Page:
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MultiPurpose                                         Dr. Saurin Gandhi

Eyelid


Eyelid ptosis

  • What is eyelid ptosis?

    It is a droopy upper eyelid. If the lid edge displaces downwards it can cover part of the pupil and block the upper part of the vision, or cause fatigue. In severe ptosis patients have to tilt their head back, or lift the eyelid with a finger, in order to see out well. These are functional problems. Mild ptosis can be a cosmetic problem.

  • What is the cause of ptosis?

    Congenital (present since birth) due to a poorly developed muscle. It is more common in older adults where the muscle that lifts the eyelid thins and the eyelid drops. It occurs with age, contact lens wear, trauma and, rarely, tumour or from a neurological problem, such as a nerve palsy or muscle weakness (myopathy).

  • Are you a candidate for ptosis surgery?

    The oculoplastic surgeon will examine the whole of the upper and middle part of the face to detect asymmetry. Eyelid measurements are made and photographs taken of the eyelid position and area around the eyes. The under surface of the lids and the front surface of the eye are carefully examined with a special microscope and visual fields may be mapped. Depending on the findings, you will be advised of the best treatment.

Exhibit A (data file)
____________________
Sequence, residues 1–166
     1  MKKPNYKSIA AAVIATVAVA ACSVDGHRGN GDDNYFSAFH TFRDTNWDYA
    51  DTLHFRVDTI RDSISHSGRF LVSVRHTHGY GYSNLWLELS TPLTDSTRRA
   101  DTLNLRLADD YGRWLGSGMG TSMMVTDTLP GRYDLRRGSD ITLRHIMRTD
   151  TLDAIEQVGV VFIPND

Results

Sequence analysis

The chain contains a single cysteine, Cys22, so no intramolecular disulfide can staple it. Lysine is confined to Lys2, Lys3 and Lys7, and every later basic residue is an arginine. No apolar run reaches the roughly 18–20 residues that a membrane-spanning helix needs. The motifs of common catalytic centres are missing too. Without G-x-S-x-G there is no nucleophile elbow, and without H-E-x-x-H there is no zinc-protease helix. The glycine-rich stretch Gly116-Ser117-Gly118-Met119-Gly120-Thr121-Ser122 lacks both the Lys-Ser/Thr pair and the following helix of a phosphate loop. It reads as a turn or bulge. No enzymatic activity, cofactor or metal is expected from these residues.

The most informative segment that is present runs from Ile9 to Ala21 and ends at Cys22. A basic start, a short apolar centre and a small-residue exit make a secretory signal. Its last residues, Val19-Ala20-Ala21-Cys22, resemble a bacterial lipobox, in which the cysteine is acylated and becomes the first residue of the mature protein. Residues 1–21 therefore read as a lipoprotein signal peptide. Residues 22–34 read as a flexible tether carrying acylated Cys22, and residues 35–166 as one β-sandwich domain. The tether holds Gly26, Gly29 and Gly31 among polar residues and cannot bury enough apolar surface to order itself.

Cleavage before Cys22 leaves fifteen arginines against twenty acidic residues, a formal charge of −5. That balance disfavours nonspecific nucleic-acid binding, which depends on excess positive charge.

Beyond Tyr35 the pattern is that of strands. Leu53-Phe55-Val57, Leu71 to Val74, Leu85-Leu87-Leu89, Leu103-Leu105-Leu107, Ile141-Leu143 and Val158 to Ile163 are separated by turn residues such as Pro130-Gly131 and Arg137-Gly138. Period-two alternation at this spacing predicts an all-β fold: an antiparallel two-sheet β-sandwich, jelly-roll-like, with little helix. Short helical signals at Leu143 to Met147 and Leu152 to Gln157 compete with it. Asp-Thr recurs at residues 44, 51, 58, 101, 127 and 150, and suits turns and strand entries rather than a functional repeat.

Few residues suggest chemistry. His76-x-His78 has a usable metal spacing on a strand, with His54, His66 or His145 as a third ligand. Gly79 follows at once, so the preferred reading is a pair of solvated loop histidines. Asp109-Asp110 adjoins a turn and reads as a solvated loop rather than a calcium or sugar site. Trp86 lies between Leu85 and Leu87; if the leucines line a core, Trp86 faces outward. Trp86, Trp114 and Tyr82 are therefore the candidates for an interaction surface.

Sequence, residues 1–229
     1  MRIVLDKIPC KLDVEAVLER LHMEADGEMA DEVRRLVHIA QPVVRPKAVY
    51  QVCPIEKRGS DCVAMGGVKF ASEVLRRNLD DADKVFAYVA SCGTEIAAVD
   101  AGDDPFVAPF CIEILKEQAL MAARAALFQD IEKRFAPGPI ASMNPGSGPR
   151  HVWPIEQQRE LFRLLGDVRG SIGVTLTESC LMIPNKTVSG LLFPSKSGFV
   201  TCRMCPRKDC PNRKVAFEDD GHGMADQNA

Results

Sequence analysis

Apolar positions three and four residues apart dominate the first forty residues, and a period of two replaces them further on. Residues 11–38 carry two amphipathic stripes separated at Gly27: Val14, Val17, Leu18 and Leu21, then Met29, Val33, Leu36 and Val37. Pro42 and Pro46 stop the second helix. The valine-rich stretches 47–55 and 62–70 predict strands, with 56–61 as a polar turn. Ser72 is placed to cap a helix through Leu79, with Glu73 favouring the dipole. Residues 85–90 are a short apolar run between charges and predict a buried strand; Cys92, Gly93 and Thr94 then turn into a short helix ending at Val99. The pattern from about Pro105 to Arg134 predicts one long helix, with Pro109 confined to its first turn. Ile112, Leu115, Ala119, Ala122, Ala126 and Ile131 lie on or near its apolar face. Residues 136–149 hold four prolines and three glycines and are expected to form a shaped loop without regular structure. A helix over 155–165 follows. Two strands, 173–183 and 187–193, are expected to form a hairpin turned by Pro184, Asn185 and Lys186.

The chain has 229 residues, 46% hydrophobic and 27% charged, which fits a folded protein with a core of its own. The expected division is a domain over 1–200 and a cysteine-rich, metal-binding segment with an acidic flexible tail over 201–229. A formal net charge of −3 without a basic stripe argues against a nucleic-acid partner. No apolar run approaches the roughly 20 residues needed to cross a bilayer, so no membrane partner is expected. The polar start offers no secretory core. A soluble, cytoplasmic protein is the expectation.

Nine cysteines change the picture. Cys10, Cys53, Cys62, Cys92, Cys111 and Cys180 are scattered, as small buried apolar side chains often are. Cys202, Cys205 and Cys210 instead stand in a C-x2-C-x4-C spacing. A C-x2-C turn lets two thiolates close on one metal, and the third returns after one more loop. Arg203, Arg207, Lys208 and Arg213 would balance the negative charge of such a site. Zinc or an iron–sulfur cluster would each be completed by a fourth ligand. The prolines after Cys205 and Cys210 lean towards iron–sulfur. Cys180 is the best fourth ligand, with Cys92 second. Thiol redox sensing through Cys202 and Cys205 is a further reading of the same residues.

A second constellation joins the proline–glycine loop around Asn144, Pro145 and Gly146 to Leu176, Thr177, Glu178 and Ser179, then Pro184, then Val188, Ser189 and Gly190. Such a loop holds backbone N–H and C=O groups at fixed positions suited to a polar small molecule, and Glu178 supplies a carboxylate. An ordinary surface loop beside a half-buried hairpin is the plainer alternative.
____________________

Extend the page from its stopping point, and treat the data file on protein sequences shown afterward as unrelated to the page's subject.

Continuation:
• What happens at eyelid ptosis surgery?

    Eyelid ptosis surgery is usually done under local anaesthesia as a day case. Local anaesthetic drops are placed on the eye and a small bleb of local anaesthetic is given into the upper eyelid to numb the area. A short incision is made in the natural skin crease and the eyelid raising muscle (the levator palpebrae superioris) is identified and shortened to lift the eyelid. Dissolving sutures are used inside the lid and on the skin.

  • What happens after surgery?

    An eye pad may be applied for 24 to 48 hours. The upper eyelid will usually appear swollen for the first 7 to 10 days. The wound should be kept clean and dry and there should be no discharge from the wound. Instructions will be given on how to clean the wound daily and lubricating and antibiotic drops, or ointment, prescribed for 1 to 3 weeks.

  • What are the risks of ptosis surgery?

    1. Local bruising and swelling of the eyelids.
    2. A small risk of wound infection to the eyelid.
    3. Risk of over-correction (eyelid too high), or under-correction (eyelid still too low) which may require a second operation.